Finally, while having evening tea, I noticed blood on my left leg. It seems during the trek, a leech decided to taste some kayaker blood. So all said and done, we lived up to the reputation of blood drawn on the first day.

Day 2 – Chalippuzha

After the adventures of yesterday, we were still bummed over the lost paddle. Manik and Varun decided to run the Iruvanjipuzha and look for the paddle while we were waiting at the hanging bridge on Chalippuzha. Manik and Varun triumphantly returned with the lost paddle and started the festivities for the day.

It was a calm paddle with no incidents. We spent some time in a pool, practicing our rolls. Elvin got his first roll and rolled seven times after that.

We decided to amp it up on the Game of Thorns. I was having a pretty fun ride till now. This is where I decided to make my mark felt and flipped after the first rapid and decided to tackle the rest of the rapid underwater. To spice things up I got intimate with a rock on the way down and banged up my nose.

Indraneel who had gone before me had flipped at the end of the rapid, in the pool below and took a swim. Bhav and Elvin decided to take things slow here and made it safely through.

Now comes the rapid I like to call the “Chipped Tooth”, also known as the bridge rapid. After the first hole, we catch the eddy on the left. After that there is a nice pool on the right. You peel out from the pool for a smooth ride to calmer waters.

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Bhav and I made it to the eddy. Next up was Elvin, who wanted no part in this eddy nonsense, and flipped right after the hole. He then went sliding all the way down, in the process he chipped his tooth. Not content with the carnage, he also decided to puncture the lip through and through.

Both Bhav and I got first row seats to the carnage and was easily the highlight of this trip, out performing Indraneel’s flip from yesterday.

Bhav and I made it to the pool. Bhav flipped at the bottom but got his roll. I made it down in style but decided to join the festivities and also flipped on a hidden rock (not really hidden). I also got my roll and Manik was suitably impressed.

While Indraneel took a break below the bridge, Varun and Manik were checking up on Elvin. Bhav and I decided to play in the hole. Bhav went too far into the hole and didn’t lean enough and got flipped hard. He got stuck next to a rock, and since all of us can roll only on one side, his roll failed. His contribution to the day was his bruised shoulder. After a t-rescue from me and we decided to continue to the bridge and see what’s next.

We decided that Elvin needs to go to the hospital for stitches. So while Elvin and Varun left; the rest of us decided to paddle to the house.

After the bridge is a simple wave train which all of us made it through quite easily. There is a wave at the end and Manik was showing us how to surf. While Bhav and I had enough for the day, me bleeding from my nose and Bhav with the bruised shoulder, Indraneel stepped up to the plate.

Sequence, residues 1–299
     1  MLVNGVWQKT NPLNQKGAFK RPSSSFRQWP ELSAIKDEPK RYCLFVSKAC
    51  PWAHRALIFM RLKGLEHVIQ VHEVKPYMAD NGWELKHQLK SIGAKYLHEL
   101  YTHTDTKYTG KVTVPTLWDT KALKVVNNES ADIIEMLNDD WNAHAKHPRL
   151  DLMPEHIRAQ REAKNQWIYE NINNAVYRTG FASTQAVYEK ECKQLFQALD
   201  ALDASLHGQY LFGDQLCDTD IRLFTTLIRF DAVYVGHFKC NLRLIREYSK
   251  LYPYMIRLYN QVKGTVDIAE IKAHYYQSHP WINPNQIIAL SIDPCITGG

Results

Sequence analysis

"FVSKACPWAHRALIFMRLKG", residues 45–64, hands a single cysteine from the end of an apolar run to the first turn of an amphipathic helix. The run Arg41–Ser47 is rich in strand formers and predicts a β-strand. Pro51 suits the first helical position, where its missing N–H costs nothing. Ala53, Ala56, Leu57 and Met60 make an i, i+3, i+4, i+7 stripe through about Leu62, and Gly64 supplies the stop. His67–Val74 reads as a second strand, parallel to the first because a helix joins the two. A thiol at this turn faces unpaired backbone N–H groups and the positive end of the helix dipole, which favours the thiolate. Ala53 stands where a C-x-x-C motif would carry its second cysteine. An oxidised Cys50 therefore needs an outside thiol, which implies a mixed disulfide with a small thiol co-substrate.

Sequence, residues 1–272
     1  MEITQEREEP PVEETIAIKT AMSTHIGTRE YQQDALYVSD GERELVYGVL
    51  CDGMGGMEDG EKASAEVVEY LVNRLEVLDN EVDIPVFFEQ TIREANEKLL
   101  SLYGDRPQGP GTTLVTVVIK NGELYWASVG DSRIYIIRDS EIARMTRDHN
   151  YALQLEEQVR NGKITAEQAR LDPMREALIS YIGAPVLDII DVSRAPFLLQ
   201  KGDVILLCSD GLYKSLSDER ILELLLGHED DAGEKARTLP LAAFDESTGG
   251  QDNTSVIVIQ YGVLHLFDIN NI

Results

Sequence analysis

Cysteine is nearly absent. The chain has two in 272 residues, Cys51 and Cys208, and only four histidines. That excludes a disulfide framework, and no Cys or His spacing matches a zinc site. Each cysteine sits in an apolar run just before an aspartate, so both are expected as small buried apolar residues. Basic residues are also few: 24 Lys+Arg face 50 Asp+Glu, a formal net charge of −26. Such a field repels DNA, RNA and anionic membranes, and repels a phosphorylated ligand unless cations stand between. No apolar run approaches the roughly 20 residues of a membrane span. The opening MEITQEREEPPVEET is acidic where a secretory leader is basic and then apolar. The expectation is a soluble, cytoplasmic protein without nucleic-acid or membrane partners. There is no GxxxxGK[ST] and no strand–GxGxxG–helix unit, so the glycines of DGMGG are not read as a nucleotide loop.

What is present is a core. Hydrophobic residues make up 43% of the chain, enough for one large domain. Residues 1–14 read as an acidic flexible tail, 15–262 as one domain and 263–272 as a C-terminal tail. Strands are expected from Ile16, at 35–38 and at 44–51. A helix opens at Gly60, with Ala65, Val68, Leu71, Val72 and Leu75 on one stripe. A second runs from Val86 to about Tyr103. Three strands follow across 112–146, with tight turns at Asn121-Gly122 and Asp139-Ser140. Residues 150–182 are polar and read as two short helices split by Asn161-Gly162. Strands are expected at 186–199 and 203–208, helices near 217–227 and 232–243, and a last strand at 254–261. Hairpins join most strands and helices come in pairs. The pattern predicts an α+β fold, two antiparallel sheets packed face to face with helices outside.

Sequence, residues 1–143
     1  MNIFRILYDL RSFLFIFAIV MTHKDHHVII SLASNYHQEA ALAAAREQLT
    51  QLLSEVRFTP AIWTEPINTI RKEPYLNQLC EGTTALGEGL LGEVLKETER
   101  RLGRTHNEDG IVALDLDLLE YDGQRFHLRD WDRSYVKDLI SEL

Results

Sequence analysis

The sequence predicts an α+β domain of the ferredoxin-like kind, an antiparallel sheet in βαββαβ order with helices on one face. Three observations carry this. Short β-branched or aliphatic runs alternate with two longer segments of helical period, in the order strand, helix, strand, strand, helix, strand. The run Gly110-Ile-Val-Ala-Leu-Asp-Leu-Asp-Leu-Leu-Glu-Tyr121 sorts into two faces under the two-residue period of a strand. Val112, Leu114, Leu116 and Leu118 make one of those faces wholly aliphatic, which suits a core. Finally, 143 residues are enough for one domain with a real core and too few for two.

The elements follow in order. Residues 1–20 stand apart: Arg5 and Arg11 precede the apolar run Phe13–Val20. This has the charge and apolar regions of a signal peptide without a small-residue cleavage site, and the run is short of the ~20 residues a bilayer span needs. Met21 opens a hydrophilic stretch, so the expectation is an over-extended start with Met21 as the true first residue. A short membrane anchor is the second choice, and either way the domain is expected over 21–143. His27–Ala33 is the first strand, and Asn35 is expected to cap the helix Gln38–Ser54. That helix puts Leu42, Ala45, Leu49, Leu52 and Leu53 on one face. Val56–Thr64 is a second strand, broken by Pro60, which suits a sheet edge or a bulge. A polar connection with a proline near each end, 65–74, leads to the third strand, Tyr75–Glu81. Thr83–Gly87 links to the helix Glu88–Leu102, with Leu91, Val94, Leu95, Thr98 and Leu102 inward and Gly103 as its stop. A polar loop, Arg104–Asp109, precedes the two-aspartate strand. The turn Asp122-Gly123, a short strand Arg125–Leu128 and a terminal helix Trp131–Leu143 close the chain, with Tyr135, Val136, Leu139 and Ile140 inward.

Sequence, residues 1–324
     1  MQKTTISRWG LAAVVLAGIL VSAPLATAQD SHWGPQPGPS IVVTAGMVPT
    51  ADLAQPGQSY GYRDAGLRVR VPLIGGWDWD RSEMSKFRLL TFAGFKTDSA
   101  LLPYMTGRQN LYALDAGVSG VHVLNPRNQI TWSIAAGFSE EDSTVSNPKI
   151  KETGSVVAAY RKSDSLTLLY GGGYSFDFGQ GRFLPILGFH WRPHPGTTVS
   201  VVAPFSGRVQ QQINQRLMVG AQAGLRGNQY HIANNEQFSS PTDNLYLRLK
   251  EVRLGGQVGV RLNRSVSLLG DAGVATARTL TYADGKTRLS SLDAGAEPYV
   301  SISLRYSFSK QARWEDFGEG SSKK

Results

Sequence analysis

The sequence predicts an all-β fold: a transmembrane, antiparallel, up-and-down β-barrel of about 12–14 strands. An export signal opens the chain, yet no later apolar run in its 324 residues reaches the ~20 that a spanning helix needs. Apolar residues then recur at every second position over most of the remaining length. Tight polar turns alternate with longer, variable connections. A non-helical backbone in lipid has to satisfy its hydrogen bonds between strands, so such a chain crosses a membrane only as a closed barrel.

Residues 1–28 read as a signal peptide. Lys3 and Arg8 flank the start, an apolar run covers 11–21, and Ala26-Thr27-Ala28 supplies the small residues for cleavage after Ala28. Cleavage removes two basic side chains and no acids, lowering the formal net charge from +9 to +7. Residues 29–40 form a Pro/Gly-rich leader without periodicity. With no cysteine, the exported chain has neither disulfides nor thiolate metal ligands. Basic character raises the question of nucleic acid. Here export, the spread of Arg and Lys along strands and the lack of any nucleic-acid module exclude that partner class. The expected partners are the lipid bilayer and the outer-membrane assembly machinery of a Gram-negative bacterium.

Now what follows is one of the most bizarre things I have ever had the privilege to witness. Indraneel puts on his nose clip and enters the wave perfectly. Apparently he didn’t like it there and flipped. He tried a roll but couldn’t make it. He then asked for a t-rescue. Manik was there but Indraneel was having none of it. Manik decided to give him a hand of god and roll him over. Manik had to leave his paddle. Now both boats were upright with only 1 paddle between them.

As they were heading into a strainer section, Manik gave the paddle to Indraneel. Indraneel was not quite done yet. He took the paddle from Manik, got stuck in a strainer and asked for a t-rescue again. Unknown to him Manik was also stuck in a strainer with no paddle and no way of reaching him. Indraneel swam and Manik used his paddle and rescued the swimmer and the boat.

We lost Manik’s paddle in the process and searched for it in the strainers for half an hour but couldn’t find it. We decided to head to the house as it was getting late. The rest of the journey was uneventful and we reached the house take out point safely. Elvin and Varun were waiting for us on the bridge.

Bhav and Indarneel wanted one last hurrah before calling it a day. Now the house take-out is slightly tricky as you need to catch the eddy which is a few meters from the main flow. Bhav and Indraneel both missed it and went downstream backwards with Manik chasing after them on the bank. They went around 50 meters downstream before getting on a bank.

And that brings to end our adventures. Bhav with a bruised shoulder. I with a bloody nose and a leech bite. Elvin with a chipped tooth and a punctured lip.

On the way back, with blood still dripping from his lower lip, Elvin asks – “When are we coming back?”

Epilogue

Varun found Manik’s paddle the next day and that means we haven’t lost any gear. Yet.